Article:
June 26, 2011
June 26, 2011
June 29, 2011
Entrepreneurship & Engineering Innovation
22.586.1 - 22.586.23
Engineering Entrepreneurship: Learning by Doing This paper describes an entrepreneurship course targeted to graduate engineering students andworking professionals of all engineering disciplines which mimics, as completely as feasible inan academic environment, the real world experiences of enterprise formation and growth. Thecourse structure includes executive team formation, building the company, and fundraisingthrough multiple capital rounds. Each graduate student takes dual roles of company executiveand technology investor. Participants invest in each other’s enterprises at valuations negotiatedbetween the students themselves as both investors and entrepreneurs. Critically, at the end ofeach semester, external investors and serial entrepreneurs review final presentations and“acquire” each student company, providing an Internal Rate of Return (IRR) for each student asa technology entrepreneur and also as a technology investor based on dilution through threerounds of fundraising and company acquisition terms.The Entrepreneurship for Engineers course is designed to introduce engineering graduatestudents of all disciplines, company engineers, and engineering managers to the concepts andpractices of entrepreneurial thinking and entrepreneurship through an immersive, real worldentrepreneurial experience. Using a combination of lectures, case studies, team business plans,and investor presentation formats, the course teaches life skills in entrepreneurial thought andaction that students can utilize in careers ranging from starting companies to planning andexecuting high risk R&D projects in large companies. The course is firmly presented in a “real-world” format, including students taking the roles of company founders and investors, creating avision and execution plan for their company, and raising funds – exactly as they would in a trueentrepreneurial endeavor.Major Course Themes include: • Introduction to entrepreneurship and entrepreneurial thought processes • Entrepreneurial idea generation and feasibility analysis • Entrepreneurial business development (market analysis, product development, marketing, operations, HR, legal, intellectual property, accounting, capitalization, etc.) • Business planning and executionStudent Learning Outcomes include: • An understanding of the basics of entrepreneurship and entrepreneurial thought processes • Team-based, real-world experiences in working as an entrepreneurial executive team to explore entrepreneurial processes including building and executing on a business plan • Project planning and presentation skills through teaming experiencesThis course has been offered to graduate students from all engineering departments, and workingengineering professionals through distance education, since fall 2003. In that time timeframe,over 400 graduate engineering students have taken the course, which is fully subscribed eachsemester. The university assesses each course at the end of every semester through variousqualitative as well as 27 quantitative criteria and the results for this course since 2003, givenbelow, show that the course content and instruction methodology are considered to be of veryhigh value by the students, being ranked well above the College of Engineering mean score in all27 assessed categories.Figure 1 – Entrepreneurship for Engineers course assessment 2003-2010: Comparison to allCollege of Engineering course composite mean scoresStudent Survey Question Key:Questions 1-9 refer to the course instructor knowledge, teaching skills, effectiveness, etc.Question 10 refers to the overall rating for the instructorQuestions 11-26 refer to the course structure, materials, usefulness, etc.Question 27 refers to the overall value of the courseAll student survey questions will be included as part of a full paper submission.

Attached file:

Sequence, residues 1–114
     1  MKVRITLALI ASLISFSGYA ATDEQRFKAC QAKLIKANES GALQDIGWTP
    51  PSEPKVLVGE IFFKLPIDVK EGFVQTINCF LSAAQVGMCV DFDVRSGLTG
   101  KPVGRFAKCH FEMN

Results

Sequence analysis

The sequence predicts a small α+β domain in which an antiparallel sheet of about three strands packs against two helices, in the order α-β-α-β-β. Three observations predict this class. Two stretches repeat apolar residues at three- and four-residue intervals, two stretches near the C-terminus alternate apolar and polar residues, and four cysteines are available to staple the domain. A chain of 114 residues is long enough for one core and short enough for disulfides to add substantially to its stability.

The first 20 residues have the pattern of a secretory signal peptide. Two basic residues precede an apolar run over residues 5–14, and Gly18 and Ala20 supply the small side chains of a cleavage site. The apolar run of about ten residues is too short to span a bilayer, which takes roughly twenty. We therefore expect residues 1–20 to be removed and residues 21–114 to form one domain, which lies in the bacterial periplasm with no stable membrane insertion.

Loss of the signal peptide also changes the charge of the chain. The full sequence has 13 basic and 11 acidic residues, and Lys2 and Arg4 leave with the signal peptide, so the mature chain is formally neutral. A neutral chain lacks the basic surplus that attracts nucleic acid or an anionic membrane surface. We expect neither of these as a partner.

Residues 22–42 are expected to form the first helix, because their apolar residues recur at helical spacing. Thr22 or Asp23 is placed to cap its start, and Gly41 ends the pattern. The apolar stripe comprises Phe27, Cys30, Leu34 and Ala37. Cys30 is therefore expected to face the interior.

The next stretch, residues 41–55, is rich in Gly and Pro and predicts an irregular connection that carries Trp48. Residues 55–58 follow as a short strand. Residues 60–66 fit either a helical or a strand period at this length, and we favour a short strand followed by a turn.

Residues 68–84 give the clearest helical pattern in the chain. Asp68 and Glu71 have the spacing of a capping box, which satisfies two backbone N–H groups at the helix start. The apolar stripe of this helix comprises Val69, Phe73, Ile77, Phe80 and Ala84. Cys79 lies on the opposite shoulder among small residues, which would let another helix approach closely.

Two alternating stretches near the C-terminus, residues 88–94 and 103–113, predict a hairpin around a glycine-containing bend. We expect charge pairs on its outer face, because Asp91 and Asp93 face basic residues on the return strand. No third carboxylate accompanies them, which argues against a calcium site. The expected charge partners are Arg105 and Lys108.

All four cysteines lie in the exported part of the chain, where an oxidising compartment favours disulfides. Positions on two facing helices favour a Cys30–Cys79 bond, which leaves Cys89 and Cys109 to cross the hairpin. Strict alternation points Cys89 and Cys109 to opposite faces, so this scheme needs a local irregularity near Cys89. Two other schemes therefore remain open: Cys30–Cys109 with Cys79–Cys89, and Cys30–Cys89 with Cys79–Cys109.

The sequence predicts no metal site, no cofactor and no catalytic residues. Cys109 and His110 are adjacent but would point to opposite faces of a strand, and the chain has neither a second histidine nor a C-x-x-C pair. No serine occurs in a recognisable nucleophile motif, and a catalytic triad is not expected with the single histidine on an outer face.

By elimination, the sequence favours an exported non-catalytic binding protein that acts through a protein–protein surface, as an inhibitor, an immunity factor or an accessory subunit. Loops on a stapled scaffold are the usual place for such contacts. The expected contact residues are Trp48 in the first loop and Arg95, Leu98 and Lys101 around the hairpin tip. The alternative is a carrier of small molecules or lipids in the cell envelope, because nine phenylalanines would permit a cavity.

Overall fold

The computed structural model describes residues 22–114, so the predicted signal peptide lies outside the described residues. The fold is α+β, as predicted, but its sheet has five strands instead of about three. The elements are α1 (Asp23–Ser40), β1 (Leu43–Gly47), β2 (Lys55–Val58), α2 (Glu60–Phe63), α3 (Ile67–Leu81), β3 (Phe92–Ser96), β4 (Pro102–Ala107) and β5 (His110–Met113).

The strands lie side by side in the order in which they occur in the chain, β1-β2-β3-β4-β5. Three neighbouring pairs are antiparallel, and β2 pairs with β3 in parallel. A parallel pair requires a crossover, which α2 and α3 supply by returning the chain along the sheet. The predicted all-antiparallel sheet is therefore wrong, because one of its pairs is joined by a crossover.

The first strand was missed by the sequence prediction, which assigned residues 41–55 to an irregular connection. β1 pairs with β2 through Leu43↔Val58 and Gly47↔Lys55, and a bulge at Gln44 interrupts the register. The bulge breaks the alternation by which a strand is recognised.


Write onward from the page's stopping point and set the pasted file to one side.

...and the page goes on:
Sander, E. (2011, June), Engineering Entrepreneurship: Learning by Doing Paper presented at 2011 ASEE Annual Conference & Exposition, Vancouver, BC. https://peer.asee.org/17867
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